Avoid the double whammy: layoff and divorce
Far too many of our executive clients come to us both in the middle of a career transition and in middle of a divorce. They rarely start the divorce proceedings. Sometimes, when the money is gone, so is the spouse. For the (mostly men) who face this double whammy of job loss and divorce, it is devastating. But there are things that can be done to preserve a marriage through career transition. Here are a few tips.
1). Don’t close off your feelings. We buy Kleenex by the case to keep in our office to be used by people who are breaking down and crying over the stress and loss of identity that has occurred in losing their jobs.
But this is, too often, hidden from their loved ones. Rather than opening up, many people just shut down. This leads to increased alienation and a feeling on the part of the spouse of being unloved. That, of course, leads to divorce.
2). Talk about the situation with your family. Most people feel that it is their responsibility alone to produce money for the family. But this is not the way families are supposed to work. Remember that “for richer or for poorer” in the marriage vows? Your family should be there for you whether you’re a walking wallet or not right now.
This requires that you open up and actually talk to them about the situation. Many people are surprised at how supportive their families are once they understand the situation. Be very realistic about the money situation so that everyone understands that things can’t just go on as if you were still employed.
3). Listen openly to your spouse’s concerns. It is easy to be defensive when a spouse talks about your career hunt. Don’t be. Try to hear the real concern behind what is being said and respond to that. It is difficult when your ego is already battered. But it is also necessary.
4). Don’t put the burden all on your spouse. Often, when one partner is the only one bringing in money, he or she can feel overwhelmed. This can lead to marital problems. Do what you can to take some things off of the still-working partner, such as spending some time to clean the house and, if you don’t have networking meetings or an interview, picking up the kids from events that your spouse would ordinarily have to take care of.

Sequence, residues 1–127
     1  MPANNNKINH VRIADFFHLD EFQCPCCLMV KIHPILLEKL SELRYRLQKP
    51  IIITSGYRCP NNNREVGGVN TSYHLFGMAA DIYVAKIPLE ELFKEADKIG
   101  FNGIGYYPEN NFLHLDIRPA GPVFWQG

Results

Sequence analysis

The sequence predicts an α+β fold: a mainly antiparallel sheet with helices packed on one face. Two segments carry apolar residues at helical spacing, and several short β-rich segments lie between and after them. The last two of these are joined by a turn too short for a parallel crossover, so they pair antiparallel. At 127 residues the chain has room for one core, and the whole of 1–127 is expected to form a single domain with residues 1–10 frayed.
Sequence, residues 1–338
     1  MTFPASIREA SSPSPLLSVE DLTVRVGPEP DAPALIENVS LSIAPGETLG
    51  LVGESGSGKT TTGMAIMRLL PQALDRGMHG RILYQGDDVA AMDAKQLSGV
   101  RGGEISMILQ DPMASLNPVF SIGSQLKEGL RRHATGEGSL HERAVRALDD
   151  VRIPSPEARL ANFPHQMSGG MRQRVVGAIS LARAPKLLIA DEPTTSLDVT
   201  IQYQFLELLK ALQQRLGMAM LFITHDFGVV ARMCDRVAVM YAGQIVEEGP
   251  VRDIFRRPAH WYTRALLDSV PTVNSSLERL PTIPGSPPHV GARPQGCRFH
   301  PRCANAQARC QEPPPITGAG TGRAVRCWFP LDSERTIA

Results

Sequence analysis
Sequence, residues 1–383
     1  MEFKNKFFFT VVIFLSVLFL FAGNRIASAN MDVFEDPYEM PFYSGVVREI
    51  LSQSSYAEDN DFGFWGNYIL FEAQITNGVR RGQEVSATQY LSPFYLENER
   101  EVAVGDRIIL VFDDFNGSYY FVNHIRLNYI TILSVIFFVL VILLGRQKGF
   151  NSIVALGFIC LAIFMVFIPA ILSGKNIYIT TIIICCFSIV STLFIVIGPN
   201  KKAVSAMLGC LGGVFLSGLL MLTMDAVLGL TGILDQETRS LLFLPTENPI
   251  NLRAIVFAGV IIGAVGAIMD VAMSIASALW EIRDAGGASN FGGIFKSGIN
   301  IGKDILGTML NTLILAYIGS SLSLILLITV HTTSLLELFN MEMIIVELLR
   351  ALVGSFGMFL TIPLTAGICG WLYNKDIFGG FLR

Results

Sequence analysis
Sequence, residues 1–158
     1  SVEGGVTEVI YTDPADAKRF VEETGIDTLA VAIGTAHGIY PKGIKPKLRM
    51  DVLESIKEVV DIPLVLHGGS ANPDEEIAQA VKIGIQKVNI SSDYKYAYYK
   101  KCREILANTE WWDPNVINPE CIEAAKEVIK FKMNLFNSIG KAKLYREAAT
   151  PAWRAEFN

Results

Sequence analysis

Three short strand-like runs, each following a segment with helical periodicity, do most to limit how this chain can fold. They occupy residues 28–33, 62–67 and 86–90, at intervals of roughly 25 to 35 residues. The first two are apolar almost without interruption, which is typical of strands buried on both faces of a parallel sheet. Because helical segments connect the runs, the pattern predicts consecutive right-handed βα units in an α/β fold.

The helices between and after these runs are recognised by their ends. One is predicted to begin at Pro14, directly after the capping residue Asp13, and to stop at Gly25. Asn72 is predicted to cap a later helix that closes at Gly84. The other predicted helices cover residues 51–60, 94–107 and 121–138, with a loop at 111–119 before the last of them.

5). Show appreciation for your spouse. Tensions can run high during unemployment. Try to be very clear that your spouse is not responsible. Let your spouse know at least daily how much you appreciate and love him or her, and how important he or she is to you, especially during this time. One rose in a bud vase doesn’t cost much. But it lets someone who is standing by you know that you notice and are grateful for such a great person in your life.
6). Get counseling as needed. While it might seem to be an expenditure you can’t afford, you also can’t afford to lose your marriage. If things are rough, find a qualified marriage counselor to help you through this time. And don’t discount counseling for yourself, either. Depression and anxiety disorder are common among those who have lost their jobs. They can be treated.
7). Be realistic about money. Sit down with your spouse and financial advisor and know your financial situation. Spend money on things to help with your search, but look for every way possible to cut down on monthly expenditures. Know how long a “runway” you have before you crash and burn. You might be pleasantly surprised.
8). Recognize that the problems didn’t come overnight. A termination or lay-off is sometimes just the last straw in an already troubled marriage. See this time as a time to really work on the issues that are making your marriage troubled, and resolve them.
In the end, some marriages just won’t work out. This is especially difficult when there is already job loss. Try everything possible to keep your marriage, just as you did on your job. But recognize that it takes two to make a marriage work. Just like the layoff it may be beyond your control. You’ll get through it, one way or another, and laugh and live again.
If you are an executive at the Director, VP or CXO level looking for a job, and would like to network exclusively with other executives, join John and 35 of your colleagues for Structured Networking, Monday, September 13th, 5:30 – 9:00 PM at the Denver Athletic Club. It is at no charge and nothing is sold nor promoted. Go here for more information and required registration. No vendors, please.